Codependency in Substance Use Disorders

No one has a perfect family. That does not mean that it is not important to discern what is healthy versus unhealthy within familial dynamics. Some important factors in a strong family system include:

  • High self-worth
  • Rules that are humane, adaptable, and suitable
  • Good communication skills: straightforwardness, precision, understandability, and candidness (this also includes your feelings being verbalized)
  • Having societal connections and openness
  • Family-supported individualized goals with steps of how to achieve them.

Typically, when one member of a family has an addiction, the rules can become screwed. The main focus becomes the drugs or alcohol as well as the addiction itself. There is a denial of the use causing any problems. This can lead to placing the blame on others, living in denial, covering up the use with excuses, or a “don’t ask, don’t tell” policy outside of the immediate family. It also encourages a decrease in verbalized thoughts and feelings.

Substance abuse and dependency can change a family structure. Emotions, such as abandonment, distress, nervousness, rage, worry, humiliation, or guilt, can lead to avoiding someone with an addiction. Yet the flip side is also true: substance abuse and dependency and lead to codependent alterations in the family structure. Familial roles in addiction can lead to codependency.

What is Codependency?

Codependency is not only defined by thoughts but also by specific forms of behavior and feelings toward ourselves and others. This characteristic method causes pain to everyone involved and is self-sabotaging.

Codependency in Substance Use Disorders

Individuals that are codependent may have the following symptoms:

  • Caretaking without reciprocity
  • Feelings of responsibility for others, including their future, thoughts, and actions
  • People pleasing behaviors and anticipating other’s needs
  • Feeling safest when helping others
  • Overcommitting
  • Low self-worth and difficulty accepting compliments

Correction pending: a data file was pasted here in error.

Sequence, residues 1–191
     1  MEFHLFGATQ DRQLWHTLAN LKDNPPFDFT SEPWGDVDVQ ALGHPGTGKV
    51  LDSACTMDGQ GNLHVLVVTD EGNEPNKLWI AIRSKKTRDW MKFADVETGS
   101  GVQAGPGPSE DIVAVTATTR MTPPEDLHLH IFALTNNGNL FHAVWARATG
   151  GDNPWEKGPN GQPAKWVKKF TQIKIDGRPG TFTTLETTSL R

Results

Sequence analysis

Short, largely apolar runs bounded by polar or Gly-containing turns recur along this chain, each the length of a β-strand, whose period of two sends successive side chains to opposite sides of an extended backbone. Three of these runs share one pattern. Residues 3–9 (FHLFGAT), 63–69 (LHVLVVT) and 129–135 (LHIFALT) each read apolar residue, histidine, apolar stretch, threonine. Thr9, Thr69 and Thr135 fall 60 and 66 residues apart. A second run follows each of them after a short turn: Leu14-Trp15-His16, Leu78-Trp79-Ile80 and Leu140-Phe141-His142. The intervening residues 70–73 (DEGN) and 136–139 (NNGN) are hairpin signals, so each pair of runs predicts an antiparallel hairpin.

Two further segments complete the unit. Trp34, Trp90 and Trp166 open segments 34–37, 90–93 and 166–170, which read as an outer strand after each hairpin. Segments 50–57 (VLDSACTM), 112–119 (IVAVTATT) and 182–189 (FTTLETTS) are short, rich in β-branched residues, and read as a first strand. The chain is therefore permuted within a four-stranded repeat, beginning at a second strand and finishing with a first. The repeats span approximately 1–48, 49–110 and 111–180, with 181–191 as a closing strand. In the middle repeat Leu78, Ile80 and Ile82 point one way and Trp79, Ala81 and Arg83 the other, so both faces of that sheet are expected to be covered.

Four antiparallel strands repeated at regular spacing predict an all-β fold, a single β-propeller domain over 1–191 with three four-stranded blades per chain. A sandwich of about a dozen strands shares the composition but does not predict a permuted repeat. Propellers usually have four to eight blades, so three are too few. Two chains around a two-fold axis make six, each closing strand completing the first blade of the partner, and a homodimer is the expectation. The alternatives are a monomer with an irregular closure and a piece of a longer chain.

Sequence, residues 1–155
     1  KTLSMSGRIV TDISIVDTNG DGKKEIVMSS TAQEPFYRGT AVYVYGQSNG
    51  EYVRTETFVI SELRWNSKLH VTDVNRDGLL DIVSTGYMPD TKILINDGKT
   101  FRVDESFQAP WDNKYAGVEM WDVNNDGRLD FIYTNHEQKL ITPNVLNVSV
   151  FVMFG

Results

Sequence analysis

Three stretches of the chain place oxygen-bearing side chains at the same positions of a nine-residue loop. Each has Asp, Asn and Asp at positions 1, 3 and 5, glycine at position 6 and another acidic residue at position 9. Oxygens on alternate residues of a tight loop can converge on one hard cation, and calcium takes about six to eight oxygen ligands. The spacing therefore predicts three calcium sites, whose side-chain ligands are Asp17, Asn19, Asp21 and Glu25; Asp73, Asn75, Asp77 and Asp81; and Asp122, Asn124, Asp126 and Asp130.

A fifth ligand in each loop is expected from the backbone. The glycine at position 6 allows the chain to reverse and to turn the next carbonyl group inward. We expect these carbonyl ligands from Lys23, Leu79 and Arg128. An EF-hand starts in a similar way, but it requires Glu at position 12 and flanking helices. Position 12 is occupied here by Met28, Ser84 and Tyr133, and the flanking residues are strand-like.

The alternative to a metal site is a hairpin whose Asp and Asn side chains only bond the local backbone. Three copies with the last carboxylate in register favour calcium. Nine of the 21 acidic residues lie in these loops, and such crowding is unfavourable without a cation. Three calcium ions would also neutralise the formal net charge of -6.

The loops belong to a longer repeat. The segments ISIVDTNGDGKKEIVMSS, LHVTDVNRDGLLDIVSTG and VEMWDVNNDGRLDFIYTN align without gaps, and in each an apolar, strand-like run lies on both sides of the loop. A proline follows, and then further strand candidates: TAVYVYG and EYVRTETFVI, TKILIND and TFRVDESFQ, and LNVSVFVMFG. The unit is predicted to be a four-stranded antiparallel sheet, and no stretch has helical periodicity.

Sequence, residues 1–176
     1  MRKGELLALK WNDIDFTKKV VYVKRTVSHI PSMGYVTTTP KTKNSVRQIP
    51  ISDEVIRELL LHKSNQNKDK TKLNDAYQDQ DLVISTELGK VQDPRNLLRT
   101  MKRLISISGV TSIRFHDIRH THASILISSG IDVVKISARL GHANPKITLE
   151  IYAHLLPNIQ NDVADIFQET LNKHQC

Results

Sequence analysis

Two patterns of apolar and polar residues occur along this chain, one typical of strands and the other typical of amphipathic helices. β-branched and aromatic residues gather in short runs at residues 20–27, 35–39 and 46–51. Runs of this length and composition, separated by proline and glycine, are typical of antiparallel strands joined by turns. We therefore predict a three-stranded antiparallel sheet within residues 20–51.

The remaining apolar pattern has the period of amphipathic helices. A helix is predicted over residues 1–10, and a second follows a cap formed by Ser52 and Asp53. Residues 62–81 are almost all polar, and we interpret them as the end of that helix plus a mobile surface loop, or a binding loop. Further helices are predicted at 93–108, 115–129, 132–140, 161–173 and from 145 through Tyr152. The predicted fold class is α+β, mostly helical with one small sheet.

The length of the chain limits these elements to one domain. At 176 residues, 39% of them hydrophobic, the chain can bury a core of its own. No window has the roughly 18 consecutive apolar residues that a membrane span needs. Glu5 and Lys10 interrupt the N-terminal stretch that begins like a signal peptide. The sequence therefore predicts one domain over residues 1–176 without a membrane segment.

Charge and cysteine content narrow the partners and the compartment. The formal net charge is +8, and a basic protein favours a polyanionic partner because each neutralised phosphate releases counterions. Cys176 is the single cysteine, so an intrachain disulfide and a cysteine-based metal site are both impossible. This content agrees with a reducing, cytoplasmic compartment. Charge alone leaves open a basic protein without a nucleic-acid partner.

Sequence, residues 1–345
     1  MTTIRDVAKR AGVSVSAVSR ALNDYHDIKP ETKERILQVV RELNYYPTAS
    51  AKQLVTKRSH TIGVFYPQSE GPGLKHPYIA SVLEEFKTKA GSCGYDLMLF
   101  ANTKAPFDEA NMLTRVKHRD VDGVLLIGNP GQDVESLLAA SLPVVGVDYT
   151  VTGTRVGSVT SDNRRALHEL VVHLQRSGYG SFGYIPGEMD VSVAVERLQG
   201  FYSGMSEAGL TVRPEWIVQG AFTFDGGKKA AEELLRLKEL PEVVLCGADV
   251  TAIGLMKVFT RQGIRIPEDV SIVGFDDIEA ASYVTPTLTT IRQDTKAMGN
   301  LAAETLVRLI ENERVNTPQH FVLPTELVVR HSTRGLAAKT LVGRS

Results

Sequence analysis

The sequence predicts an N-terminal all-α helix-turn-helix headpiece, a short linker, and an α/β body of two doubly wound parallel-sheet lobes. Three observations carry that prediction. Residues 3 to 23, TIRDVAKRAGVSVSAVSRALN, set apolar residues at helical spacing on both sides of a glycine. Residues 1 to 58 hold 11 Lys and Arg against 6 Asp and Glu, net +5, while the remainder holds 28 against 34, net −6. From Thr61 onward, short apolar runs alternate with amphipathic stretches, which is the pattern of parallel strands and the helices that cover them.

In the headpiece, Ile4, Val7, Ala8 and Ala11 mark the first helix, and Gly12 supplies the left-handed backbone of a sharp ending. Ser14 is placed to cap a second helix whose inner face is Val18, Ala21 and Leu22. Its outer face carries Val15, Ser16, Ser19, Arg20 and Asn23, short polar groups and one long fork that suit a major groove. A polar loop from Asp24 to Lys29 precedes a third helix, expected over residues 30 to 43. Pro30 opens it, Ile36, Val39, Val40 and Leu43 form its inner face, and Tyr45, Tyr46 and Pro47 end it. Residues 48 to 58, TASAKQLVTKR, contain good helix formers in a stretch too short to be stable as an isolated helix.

• Fear of rejection and taking most things personally
  • Victim stances associated with guilt and not-so-positive feelings and thoughts about themselves
  • Repression of personal thoughts and feelings, leading to appearing rigid and controlled
  • Obsession, compulsions, and control
  • Denial
  • Depression
  • Confusion
  • Workaholism
  • Lying to oneself and believing the lies
  • Dependency
  • Seeing love and pain as one and the same
  • Self-sacrificing for other’s potential wants and needs
  • Poor communication skills
  • Misplaced blame
  • Unable to say “No”
  • Poor boundaries, including with sex
  • Untrusting of themselves, religion/God, and others
  • Feelings of anger
  • All-or-nothing behaviors and mentality.

Where to Turn for Help

We know that family plays an integral part in maintain sobriety. We can show you that you are not alone. It is important to remember that you cannot control your loved one’s consumption of alcohol, opiates, cannabis, or other illicit substances. Discovery Place’s family matters program can help you find the support you need to work through the emotional turbulence you have undergone during your loved one’s addiction.

Sometimes, it is difficult to know you are engaging in codependent behaviors due to all the underlying emotions and denial you may be projecting about the situation. Unfortunately, this leads people to stay in abusive situations as well as enable their loved ones in active addictions. Discovery Place of Burns, TN has trained professionals standing by twenty-four seven waiting to help your loved one find, and maintain, sobriety as well as to help you find the support you need. Call us today at 1-800-725-0922.

Speak with someone who understands

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